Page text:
Twitter's new CEO Parag Agrawal has largely remained silent through the company's ongoing rollercoaster ride, even as its likely future owner Elon Musk continues to very much do the opposite.But Agrawal finally broke his silence following an esp
Twitter's new CEO Parag Agrawal has largely remained silent through the company's ongoing rollercoaster ride, even as its likely future owner Elon Musk continues to very much do the opposite.
But Agrawal finally broke his silence following an especially tumultuous week at the company, which saw him oust two key executives, Twitter's head of product Keyvon Beykpour and Bruce Falck, who led the revenue side of the company.
"The truth is that this isn’t how and when I imagined leaving Twitter, and this wasn’t my decision," Beykpour said of the surprise decision, which happened while he was out on paternity leave. Beykpour explained that Agrawal asked him to leave the company due to a desire to take the consumer team "in a different direction."
In his new tweet thread, Agrawal deftly said a lot without saying much of substance, a classic CEO skill not really shared by his often casual, off-the-cuff predecessor.
We announced changes to our leadership team and operations yesterday. Changes impacting people are always hard. And some have been asking why a “lame-duck” CEO would make these changes if we’re getting acquired anyway. The short answer is very simple:
— Parag Agrawal (@paraga) May 13, 2022
Agrawal explained that he does expect the Musk deal to close, but that under his watch, Twitter needs to "be prepared for all scenarios." His comments mostly gesture at the current economic climate, in which the tech industry and the broader stock market have come crashing down from recent highs. Startups and tech giants alike are battening the hatches, trimming costs and putting hiring freezes in place to weather the storm. According to Agrawal, Twitter is doing the same.
"People have also asked: why manage costs now vs after close?" Agrawal said. "Our industry is in a very challenging macro environment – right now. I won’t use the deal as an excuse to avoid making important decisions for the health of the company, nor will any leader at Twitter."
Top Twitter execs, including heads of revenue and consumer products, are out following Musk deal
What's less clear is how Agrawal's decision to cut influential leaders in the company squares with whatever vision Musk has in store. While Twitter languished for the better part of a decade without new products or investor-pleasing growth, the company has looked like a very different beast over the last year, shipping new consumer products left and right, solving for hard problems like harassment and experimenting with new revenue streams to set it free from advertising. Whatever Agrawal's moves ultimately mean, the company appears to be switching tracks, getting rid of two figures who laid a lot of recent groundwork for growth in the process. If Agrawal will survive that process and stick it out into the Musk era is anyone's guess at this point.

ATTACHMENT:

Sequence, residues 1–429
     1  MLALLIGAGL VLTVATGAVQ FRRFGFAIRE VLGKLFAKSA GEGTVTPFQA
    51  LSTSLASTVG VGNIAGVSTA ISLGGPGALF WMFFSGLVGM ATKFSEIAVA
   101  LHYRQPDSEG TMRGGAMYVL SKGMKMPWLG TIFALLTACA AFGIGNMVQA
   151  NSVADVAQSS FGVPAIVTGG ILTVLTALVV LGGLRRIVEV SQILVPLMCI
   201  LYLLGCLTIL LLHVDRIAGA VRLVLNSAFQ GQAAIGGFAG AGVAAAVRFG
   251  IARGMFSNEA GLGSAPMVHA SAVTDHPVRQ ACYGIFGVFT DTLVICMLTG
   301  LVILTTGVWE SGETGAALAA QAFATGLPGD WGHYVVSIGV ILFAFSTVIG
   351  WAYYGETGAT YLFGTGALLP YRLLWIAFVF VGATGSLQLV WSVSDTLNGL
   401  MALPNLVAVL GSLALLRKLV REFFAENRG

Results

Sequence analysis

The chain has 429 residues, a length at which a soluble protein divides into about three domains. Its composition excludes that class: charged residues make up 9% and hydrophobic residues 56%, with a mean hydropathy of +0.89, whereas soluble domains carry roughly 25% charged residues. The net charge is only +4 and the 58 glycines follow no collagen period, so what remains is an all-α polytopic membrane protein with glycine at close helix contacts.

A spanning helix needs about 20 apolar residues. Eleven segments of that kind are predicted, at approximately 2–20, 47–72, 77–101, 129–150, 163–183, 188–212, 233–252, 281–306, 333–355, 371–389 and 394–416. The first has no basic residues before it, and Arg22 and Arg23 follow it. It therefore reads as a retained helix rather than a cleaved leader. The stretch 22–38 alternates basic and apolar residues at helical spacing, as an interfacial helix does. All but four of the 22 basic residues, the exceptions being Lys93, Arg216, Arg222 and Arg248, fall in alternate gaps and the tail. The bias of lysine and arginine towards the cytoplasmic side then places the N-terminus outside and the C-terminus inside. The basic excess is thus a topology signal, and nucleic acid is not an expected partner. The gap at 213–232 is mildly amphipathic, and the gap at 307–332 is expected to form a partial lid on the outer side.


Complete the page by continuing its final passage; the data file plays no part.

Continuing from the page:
Meanwhile, the Musk sideshow goes on. The Tesla and SpaceX CEO indeed looks to be locked into the Twitter deal at this point, but he continues to sow chaos and rack up likely SEC fines nonetheless. On Friday, Musk cast doubt over the whole thing, claiming that the deal is "temporarily on hold" as he reviews the social network's ratio of bots to real accounts, just one of the platform's many existential issues but the one that happens to be his pet issue.
At the time of writing, that supposed development wasn't supported by any financial filings or corroborating evidence. While it's possible Musk is trying to back out or re-price his purchase somehow, it's just as likely that the notoriously mercurial billionaire is just tweeting his passing thoughts stream of consciousness-style, SEC fines be damned, in this case to the detriment of the company he's ostensibly trying to buy.
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